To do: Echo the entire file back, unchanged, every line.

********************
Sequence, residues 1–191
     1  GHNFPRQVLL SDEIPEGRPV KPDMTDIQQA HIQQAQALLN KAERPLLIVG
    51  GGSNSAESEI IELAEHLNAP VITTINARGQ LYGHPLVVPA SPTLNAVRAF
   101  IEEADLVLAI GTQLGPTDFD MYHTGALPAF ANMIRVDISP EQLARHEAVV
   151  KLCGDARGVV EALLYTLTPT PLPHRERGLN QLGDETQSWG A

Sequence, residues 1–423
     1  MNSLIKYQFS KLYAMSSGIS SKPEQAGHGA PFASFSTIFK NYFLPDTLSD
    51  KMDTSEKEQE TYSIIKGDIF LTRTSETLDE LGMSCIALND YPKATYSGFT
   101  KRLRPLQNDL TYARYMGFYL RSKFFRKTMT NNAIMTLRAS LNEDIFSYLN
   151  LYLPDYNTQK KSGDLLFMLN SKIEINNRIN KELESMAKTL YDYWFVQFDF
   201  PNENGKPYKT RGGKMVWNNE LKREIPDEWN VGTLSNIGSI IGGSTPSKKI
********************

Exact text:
Sequence, residues 1–191
     1  GHNFPRQVLL SDEIPEGRPV KPDMTDIQQA HIQQAQALLN KAERPLLIVG
    51  GGSNSAESEI IELAEHLNAP VITTINARGQ LYGHPLVVPA SPTLNAVRAF
   101  IEEADLVLAI GTQLGPTDFD MYHTGALPAF ANMIRVDISP EQLARHEAVV
   151  KLCGDARGVV EALLYTLTPT PLPHRERGLN QLGDETQSWG A

Sequence, residues 1–423
     1  MNSLIKYQFS KLYAMSSGIS SKPEQAGHGA PFASFSTIFK NYFLPDTLSD
    51  KMDTSEKEQE TYSIIKGDIF LTRTSETLDE LGMSCIALND YPKATYSGFT
   101  KRLRPLQNDL TYARYMGFYL RSKFFRKTMT NNAIMTLRAS LNEDIFSYLN
   151  LYLPDYNTQK KSGDLLFMLN SKIEINNRIN KELESMAKTL YDYWFVQFDF
   201  PNENGKPYKT RGGKMVWNNE LKREIPDEWN VGTLSNIGSI IGGSTPSKKI